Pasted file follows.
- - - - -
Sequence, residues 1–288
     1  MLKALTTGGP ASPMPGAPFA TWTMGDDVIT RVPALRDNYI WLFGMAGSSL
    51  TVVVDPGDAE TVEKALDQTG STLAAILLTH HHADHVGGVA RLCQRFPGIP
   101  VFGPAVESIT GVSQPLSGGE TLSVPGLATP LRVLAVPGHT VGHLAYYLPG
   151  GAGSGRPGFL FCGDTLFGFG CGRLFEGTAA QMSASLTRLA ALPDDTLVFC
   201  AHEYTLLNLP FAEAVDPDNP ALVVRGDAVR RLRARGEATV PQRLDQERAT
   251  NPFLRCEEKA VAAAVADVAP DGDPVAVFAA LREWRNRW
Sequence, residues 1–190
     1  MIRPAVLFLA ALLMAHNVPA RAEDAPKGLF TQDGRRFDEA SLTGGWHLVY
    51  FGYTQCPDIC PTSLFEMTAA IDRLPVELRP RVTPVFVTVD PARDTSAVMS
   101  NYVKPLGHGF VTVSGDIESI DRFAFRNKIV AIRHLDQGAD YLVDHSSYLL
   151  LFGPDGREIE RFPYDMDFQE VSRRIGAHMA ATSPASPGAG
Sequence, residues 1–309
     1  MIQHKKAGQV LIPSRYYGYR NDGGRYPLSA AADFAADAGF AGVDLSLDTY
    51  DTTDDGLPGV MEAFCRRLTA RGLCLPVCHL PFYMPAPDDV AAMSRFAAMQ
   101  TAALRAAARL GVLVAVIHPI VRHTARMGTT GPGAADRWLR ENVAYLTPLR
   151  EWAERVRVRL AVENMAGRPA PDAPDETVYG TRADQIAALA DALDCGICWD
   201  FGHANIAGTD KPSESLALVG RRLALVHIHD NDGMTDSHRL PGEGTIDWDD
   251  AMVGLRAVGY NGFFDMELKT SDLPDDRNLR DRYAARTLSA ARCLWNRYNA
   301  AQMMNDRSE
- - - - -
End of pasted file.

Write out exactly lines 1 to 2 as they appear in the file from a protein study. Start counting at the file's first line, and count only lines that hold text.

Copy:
Sequence, residues 1–288
     1  MLKALTTGGP ASPMPGAPFA TWTMGDDVIT RVPALRDNYI WLFGMAGSSL